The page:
The inspirations for the group’s existence are numerous. There are the weekly Beat Battles sponsored by Stonesthrow, and also hosted at Soundcloud.com, in which dozens if not hundreds of participants craft instrumental hip-hop beats from a shared sample. There is the tradition of Oulipo, whose embrace of creative constraints is personified by one of its co-founders, the author Raymond Queneau. Several comics artists with whom I have worked, including Matt Madden, have bonded under the banner of Oubapo, and there is, in fact, a related musical tradition, which goes by Oumupo. (I was reminded that the Iron Chef of Music projects at kracfive.com were also an influence on my thinking. They were for many years a big part of the Downstream department here.)

The word “junto” comes from the name of a society that Benjamin Franklin formed in Philadelphia during the early 1700s as “a structured forum of mutual improvement.” In Franklin’s honor, the third Disquiet Junto project explored the glass harp, an instrument he experimented with in the development of what he christened the armonica.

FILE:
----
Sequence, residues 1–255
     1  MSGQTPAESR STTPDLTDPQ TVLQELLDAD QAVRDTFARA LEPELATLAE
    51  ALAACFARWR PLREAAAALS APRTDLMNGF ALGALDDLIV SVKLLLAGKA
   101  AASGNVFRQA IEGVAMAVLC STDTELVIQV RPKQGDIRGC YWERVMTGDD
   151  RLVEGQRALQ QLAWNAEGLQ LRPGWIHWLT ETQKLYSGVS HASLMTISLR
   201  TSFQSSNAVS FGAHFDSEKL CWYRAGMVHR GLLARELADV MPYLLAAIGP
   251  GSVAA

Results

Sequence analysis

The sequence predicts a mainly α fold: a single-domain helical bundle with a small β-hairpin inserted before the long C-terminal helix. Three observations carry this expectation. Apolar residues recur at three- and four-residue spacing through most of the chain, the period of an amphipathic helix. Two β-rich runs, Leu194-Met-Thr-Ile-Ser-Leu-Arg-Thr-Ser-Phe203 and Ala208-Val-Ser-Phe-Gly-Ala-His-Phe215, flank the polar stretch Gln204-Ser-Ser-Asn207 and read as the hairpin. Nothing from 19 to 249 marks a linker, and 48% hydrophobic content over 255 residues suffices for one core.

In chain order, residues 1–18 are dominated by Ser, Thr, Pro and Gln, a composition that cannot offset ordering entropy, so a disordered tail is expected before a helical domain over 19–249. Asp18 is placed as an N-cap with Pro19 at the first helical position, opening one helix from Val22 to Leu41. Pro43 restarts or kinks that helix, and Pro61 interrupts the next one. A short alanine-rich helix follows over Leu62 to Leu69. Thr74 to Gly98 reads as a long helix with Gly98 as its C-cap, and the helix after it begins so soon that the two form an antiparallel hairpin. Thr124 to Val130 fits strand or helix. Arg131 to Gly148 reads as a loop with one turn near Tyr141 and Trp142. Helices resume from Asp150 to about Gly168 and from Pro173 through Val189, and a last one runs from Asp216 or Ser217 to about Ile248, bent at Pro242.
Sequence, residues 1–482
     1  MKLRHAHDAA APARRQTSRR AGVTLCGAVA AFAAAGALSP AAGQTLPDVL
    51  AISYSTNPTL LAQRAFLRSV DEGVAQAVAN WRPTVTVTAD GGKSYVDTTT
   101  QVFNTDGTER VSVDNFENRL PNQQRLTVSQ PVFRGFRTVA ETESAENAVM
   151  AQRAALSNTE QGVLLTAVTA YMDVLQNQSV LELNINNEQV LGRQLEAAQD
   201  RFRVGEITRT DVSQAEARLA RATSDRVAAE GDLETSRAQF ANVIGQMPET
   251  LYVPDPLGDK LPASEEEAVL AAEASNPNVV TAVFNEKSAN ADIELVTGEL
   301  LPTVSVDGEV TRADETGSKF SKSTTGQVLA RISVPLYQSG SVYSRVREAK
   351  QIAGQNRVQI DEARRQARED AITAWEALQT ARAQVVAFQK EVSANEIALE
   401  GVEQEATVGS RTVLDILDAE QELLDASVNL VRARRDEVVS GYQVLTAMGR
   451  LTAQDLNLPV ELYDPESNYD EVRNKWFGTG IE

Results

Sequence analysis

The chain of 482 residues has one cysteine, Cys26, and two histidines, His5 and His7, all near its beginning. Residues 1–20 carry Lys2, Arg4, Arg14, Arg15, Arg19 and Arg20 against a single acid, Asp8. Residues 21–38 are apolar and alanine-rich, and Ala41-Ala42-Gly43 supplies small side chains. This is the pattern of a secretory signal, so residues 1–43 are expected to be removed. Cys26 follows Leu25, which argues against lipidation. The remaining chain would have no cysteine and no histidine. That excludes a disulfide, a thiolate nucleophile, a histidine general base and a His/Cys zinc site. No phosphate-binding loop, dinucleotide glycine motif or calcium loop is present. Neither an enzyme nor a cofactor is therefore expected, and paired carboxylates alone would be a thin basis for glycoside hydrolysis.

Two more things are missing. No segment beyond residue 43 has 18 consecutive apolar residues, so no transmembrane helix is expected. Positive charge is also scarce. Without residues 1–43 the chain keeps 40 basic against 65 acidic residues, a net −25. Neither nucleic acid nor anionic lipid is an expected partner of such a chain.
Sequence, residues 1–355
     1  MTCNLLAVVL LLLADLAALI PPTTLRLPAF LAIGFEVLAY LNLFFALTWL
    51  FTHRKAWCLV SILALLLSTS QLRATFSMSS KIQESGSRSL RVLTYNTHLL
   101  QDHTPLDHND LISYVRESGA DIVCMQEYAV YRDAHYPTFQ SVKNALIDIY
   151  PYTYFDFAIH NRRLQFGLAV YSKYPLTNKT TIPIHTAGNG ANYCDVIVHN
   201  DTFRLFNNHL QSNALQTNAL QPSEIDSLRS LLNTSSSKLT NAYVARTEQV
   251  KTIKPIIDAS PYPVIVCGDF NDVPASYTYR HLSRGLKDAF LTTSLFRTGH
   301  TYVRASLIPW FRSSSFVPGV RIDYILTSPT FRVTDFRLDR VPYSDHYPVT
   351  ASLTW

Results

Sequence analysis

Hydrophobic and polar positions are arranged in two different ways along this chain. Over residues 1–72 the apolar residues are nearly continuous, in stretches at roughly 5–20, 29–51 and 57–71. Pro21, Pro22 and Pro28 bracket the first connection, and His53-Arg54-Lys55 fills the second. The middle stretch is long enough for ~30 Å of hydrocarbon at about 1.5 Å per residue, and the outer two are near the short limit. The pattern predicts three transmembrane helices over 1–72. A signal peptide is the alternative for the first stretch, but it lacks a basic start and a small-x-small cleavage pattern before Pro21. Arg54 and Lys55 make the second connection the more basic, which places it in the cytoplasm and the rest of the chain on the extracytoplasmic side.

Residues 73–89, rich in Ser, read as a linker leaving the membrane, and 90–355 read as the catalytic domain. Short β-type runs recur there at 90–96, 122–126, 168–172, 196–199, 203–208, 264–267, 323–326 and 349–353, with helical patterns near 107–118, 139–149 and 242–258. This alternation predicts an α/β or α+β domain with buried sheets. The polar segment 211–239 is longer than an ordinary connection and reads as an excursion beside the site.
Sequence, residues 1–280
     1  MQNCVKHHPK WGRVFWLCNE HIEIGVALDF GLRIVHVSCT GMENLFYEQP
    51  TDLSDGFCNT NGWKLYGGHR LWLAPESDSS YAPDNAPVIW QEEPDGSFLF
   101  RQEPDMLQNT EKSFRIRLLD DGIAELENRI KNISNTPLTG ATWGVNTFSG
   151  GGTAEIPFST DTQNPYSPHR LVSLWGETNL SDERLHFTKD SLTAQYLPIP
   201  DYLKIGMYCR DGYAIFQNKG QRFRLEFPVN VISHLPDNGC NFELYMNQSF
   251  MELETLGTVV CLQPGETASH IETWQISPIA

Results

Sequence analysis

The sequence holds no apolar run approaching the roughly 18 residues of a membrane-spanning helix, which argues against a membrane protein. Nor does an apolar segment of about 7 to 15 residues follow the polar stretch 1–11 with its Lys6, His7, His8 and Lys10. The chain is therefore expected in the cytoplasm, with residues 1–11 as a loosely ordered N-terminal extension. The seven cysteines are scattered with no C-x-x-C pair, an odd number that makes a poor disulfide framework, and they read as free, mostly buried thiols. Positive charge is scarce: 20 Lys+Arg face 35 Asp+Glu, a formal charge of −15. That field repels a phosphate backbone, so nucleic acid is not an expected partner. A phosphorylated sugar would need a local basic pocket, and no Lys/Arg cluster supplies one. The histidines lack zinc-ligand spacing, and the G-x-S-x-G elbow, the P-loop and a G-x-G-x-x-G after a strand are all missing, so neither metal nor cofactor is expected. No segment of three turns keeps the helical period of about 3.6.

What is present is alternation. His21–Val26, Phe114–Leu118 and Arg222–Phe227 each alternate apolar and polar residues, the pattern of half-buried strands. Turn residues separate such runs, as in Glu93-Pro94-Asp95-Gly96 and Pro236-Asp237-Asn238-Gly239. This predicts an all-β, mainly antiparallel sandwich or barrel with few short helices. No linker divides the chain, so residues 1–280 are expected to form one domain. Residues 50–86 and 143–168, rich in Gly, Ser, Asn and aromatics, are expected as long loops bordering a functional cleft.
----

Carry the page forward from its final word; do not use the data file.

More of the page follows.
The idea for the Junto arose after the completion of a Disquiet project at the end of December 2011. That project, Instagr/am/bient, was more loosely curated than other such projects I had commissioned, beginning in 2006 with Our Lives in the Bush of Diquiet. Instagr/am/bient proved quite popular, with over 20,000 listens and almost 4,000 downloads in its first month, and this success suggested to me that I experiment with an even looser format — the irony being that this “looser” format is, in fact, dedicated to constraint. Much to my surprise, the very first Junto project resulted, in four days, in 56 original pieces of music by as many musicians. The assignment was to record the sound of ice cubes in a glass and to make something musical of that recording.

If for the musicians involved, the Disquiet Junto is an experiment in creative constraints, for me it is as much an experiment in what I would describe as “community organizing as a form of curation.”

Visit the group — and, better yet, sign up and participate — at soundcloud.com/groups/disquiet-junto. There’s also an email announcement list for the group. If you would like to be added to the suscription list, you can join up here: tinyletter.com/disquiet-junto.

This page serves as an index of the assignments. They are listed here in chronological order: